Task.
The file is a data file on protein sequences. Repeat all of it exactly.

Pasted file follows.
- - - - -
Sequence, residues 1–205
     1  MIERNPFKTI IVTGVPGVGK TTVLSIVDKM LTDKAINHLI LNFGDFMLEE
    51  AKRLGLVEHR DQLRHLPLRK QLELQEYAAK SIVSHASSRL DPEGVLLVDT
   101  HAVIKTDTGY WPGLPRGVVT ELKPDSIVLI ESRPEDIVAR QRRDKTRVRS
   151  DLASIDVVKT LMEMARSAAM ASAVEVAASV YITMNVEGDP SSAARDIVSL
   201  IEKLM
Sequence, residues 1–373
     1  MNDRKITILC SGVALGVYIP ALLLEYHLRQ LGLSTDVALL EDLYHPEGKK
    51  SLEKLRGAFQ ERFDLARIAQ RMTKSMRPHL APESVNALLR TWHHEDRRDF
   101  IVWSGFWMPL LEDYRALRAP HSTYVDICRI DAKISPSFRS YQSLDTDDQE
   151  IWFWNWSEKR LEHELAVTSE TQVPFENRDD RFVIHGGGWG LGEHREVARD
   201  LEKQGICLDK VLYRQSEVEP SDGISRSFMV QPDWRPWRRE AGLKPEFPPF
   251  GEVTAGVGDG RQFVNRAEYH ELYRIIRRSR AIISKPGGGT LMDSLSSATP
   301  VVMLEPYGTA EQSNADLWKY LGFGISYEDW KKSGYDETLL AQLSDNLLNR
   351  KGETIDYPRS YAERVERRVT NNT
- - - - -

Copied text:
Sequence, residues 1–205
     1  MIERNPFKTI IVTGVPGVGK TTVLSIVDKM LTDKAINHLI LNFGDFMLEE
    51  AKRLGLVEHR DQLRHLPLRK QLELQEYAAK SIVSHASSRL DPEGVLLVDT
   101  HAVIKTDTGY WPGLPRGVVT ELKPDSIVLI ESRPEDIVAR QRRDKTRVRS
   151  DLASIDVVKT LMEMARSAAM ASAVEVAASV YITMNVEGDP SSAARDIVSL
   201  IEKLM
Sequence, residues 1–373
     1  MNDRKITILC SGVALGVYIP ALLLEYHLRQ LGLSTDVALL EDLYHPEGKK
    51  SLEKLRGAFQ ERFDLARIAQ RMTKSMRPHL APESVNALLR TWHHEDRRDF
   101  IVWSGFWMPL LEDYRALRAP HSTYVDICRI DAKISPSFRS YQSLDTDDQE
   151  IWFWNWSEKR LEHELAVTSE TQVPFENRDD RFVIHGGGWG LGEHREVARD
   201  LEKQGICLDK VLYRQSEVEP SDGISRSFMV QPDWRPWRRE AGLKPEFPPF
   251  GEVTAGVGDG RQFVNRAEYH ELYRIIRRSR AIISKPGGGT LMDSLSSATP
   301  VVMLEPYGTA EQSNADLWKY LGFGISYEDW KKSGYDETLL AQLSDNLLNR
   351  KGETIDYPRS YAERVERRVT NNT